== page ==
Long ago, I lived in a place where the least expensive English language magazines were British, and I clipped a recipe much like this from one of them. I wish I could given it credit, but I can’t find its name anywhere on the clipping. However, the author’s name was Debra Shipley; whether she’s the same Debra Shipley who served as a Member of Parliament, or the one who wrote a number of travel guides, or neither, I don’t know. Thanks go out to her, anyway.
Though the recipe looked so good, I never got around to using it. The measurements were given the British way, by weight instead of volume, and I was both too lazy to look up the conversions and afraid I’d get the math wrong. Years went by, and I came back to North America, read lots of books on cooking, discovered blending flour, learned to trust my own judgement, and finally felt ready to concoct my own recipe for tomato profiteroles (if you put cheese in the dough, they’re gougeres). So this is a mashup of the original British recipe, the choux paste recipe from The Joy of Cooking, and Michael Ruhlman’s choux paste ratio from, well, Ratio.
There’s no need to use these pastry shells right away; they hold their shape and can even be frozen. And of course there’s no need to limit yourself to tomatoes as filling. The original recipe called for cooking the tomatoes lightly in oil first, but that’s optional. Also, if you don’t have a gem pan, you can bake the shells on a greased cookie sheet — just put them on in teaspoonfuls. (“5p-sized” were the original words.)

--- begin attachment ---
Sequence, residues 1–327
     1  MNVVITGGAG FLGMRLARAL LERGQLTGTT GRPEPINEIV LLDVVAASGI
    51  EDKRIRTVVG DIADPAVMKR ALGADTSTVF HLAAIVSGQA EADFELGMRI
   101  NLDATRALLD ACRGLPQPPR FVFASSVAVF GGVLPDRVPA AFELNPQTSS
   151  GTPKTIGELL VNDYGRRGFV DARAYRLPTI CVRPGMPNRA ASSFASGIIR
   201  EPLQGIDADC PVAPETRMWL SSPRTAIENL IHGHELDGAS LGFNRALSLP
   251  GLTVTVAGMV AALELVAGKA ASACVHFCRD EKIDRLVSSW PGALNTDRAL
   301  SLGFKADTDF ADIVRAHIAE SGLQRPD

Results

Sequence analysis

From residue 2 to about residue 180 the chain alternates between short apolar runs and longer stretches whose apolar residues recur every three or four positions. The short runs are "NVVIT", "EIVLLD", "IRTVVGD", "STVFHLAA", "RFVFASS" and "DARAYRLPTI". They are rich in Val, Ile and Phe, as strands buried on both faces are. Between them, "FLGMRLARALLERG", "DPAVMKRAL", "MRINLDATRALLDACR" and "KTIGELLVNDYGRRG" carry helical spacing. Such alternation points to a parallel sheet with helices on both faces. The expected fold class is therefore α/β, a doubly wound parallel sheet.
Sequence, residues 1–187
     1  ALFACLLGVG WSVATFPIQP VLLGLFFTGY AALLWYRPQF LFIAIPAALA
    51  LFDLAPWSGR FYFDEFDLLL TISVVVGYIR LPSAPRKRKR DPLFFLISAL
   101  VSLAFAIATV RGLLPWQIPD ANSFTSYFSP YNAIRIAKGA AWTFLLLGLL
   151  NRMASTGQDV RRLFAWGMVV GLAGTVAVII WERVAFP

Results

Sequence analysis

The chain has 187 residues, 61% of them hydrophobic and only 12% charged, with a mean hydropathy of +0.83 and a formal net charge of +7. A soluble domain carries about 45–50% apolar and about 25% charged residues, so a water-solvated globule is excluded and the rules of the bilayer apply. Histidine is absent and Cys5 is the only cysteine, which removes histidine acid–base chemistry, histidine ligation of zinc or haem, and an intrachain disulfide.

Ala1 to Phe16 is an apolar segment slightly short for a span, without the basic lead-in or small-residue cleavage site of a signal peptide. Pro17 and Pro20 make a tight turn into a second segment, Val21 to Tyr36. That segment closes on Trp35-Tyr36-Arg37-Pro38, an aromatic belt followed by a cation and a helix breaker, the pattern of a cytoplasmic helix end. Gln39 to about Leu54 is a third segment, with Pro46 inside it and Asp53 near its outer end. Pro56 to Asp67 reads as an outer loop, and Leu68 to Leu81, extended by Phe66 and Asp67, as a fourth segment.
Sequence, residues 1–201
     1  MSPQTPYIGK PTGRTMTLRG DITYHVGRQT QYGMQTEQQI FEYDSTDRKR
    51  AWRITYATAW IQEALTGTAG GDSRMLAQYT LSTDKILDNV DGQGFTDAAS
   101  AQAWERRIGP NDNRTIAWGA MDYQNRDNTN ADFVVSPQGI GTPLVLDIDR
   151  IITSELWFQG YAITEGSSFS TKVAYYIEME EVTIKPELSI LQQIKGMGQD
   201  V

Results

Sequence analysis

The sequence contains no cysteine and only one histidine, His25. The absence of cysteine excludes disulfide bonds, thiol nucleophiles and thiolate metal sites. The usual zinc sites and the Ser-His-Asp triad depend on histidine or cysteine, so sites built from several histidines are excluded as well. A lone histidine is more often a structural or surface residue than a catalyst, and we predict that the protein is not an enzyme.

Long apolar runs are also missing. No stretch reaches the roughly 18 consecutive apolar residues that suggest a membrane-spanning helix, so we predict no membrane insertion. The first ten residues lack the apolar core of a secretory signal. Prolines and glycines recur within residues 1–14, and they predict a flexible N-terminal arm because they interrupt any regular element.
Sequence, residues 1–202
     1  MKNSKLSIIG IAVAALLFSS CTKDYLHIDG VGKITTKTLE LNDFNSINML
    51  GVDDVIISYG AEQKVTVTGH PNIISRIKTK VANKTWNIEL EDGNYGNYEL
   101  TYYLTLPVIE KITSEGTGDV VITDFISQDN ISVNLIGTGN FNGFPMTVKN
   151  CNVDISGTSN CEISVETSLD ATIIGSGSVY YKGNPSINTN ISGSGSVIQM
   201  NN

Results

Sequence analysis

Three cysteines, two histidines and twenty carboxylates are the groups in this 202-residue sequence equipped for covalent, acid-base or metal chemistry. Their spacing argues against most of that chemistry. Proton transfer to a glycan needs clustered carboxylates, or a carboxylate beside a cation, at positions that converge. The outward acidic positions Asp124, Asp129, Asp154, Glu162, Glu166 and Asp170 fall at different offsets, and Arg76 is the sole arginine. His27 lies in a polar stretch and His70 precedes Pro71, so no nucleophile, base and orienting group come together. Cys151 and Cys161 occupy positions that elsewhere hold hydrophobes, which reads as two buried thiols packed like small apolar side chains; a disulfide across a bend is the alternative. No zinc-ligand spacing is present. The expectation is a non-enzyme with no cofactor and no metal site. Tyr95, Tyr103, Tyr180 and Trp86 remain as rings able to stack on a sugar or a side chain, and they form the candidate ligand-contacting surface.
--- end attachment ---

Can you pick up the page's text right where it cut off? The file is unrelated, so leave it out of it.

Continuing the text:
Editor’s Note: This would be a great recipe for a Labor Day party, and you may also like this article for party favors for Labor Day.
- 1 cup water
- ½ cup (1 stick) butter
- ½ cup blending flour
- ½ teaspoon salt
- 2 eggs
- 24 cherry or grape tomatoes
- Bring the water, butter, and salt to a boil in a small saucepan
- Remove from heat.
- Whisk in flour. The dough should form a ball away from the sides of the saucepan.
- Let the dough cool for a few minutes.
- Beat in the eggs, one at a time, till everything is thoroughly mixed.
- Meanwhile, heat oven to 350℉.
- Grease gem (mini-muffin) pan.
- Spoon about a teaspoon of dough into each section.
- Bake for about 15 minutes or until slightly browned.
- Cut a slit in the center of each puff to let the steam out.
- When they’re cooled, fill the hollow in each puff with a halved cherry tomato.
- Reheat for five minutes at 400℉ if you want.